Entry level headshot lens

Started Sep 28, 2013 | Discussions thread
Osvaldo Cristo
Osvaldo Cristo Veteran Member • Posts: 4,282
50mm for FX, 85mm for DX

thebasharjobs wrote:

Hi there,

I'm an entry level photographer that'd like to explore...entry level headshots. Being entry level unfortunately means I work on something of a budget and have been looking around the internet weighing the various pros and cons of everyone's suggestions.

For awhile I was set on a 50mm 1.8g until progressively more digging uncovered the distortion level to be way too much in certain cases and not an optimal lens for portraits (yet the price point remains haunting).

After that the resounding cry across the internet seems to settle upon anything between a 85-135mm lens that's mostly out of my price range.

I did stumble upon the 70-300mm f4/5.6 thats attractively priced. While it wouldn't offer the crispness of a prime nor does it have the lowest f stop it seems like it might be ok for someone just starting out. Any thoughts?

Welcome to dpreview!

You can make your headshots virtually with any lens, but I think you can go for a "more classical" approach (translation: my personal preference):

  • For FX (commonly named "full frame") cameras, for full body, torso and head, the usual is 50 mm, 85mm and 105/135mm
  • For DX cameras, the usual for full body, torso and headshots is 35mm, 50mm and 85mm

Once decided for focal length you probably will look for aperture. Bigger aperture will offer you more creative options. Although most of the headshots are made at f/2.8 and smaller, some very interesting effects can be reached with f/2, f/1.8 and even f/1.4 - it is particularly critical when using DX cameras.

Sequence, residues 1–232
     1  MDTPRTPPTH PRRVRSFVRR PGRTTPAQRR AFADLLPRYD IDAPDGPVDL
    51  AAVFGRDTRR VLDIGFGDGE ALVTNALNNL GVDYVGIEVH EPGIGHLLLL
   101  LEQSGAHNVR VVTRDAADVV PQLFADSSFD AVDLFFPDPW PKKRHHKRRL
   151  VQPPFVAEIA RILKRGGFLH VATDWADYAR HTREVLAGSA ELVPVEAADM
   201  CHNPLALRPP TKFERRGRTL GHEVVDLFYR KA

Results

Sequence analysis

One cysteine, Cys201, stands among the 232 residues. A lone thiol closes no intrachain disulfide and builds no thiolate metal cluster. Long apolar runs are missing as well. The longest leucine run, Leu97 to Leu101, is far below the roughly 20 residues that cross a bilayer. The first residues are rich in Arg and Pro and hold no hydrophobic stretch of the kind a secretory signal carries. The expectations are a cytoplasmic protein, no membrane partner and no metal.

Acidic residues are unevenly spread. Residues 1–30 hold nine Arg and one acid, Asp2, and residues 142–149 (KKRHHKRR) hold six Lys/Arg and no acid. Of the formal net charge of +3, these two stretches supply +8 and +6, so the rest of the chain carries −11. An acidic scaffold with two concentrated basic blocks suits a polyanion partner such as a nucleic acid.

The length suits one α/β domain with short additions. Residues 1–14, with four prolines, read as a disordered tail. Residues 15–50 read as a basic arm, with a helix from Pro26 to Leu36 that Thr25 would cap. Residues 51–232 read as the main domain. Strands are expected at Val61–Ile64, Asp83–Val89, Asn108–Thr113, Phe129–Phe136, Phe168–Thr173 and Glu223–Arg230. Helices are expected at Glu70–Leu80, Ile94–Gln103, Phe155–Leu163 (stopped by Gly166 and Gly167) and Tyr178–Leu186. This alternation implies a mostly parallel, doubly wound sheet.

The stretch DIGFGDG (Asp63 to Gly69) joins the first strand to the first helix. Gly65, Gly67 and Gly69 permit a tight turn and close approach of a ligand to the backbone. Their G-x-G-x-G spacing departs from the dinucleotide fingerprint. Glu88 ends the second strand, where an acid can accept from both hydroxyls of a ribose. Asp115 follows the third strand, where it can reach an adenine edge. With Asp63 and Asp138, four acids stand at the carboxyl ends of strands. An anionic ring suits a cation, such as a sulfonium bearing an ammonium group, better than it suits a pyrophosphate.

Last but not least, the bokeh is particularly important for better portraits, so my suggestion is looking for lenses with better ones.

I shot DX and my preferred lens for that application is Nikkor 85 f/1.4 AFD (and my faithful Nikkor 135 f/2 DC). The newer Nikkor 85 f/1,4 AFS looks marginally better, but sincerely, I think both are overpriced for their performance. If you are looking for the best cost/performance ratio, I think the Nikkor 85 f/1.8 is a better option, mainly if you can get an used sample in good condition.

All the best... and enjoy!


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O.Cristo - An Amateur Photographer
Opinions of men are almost as various as their faces - so many men so many minds. B. Franklin

 Osvaldo Cristo's gear list:Osvaldo Cristo's gear list
Olympus Stylus 1030 SW Nikon D200 Nikon D300S Nikon D810 Nikon AF DX Fisheye-Nikkor 10.5mm f/2.8G ED +32 more
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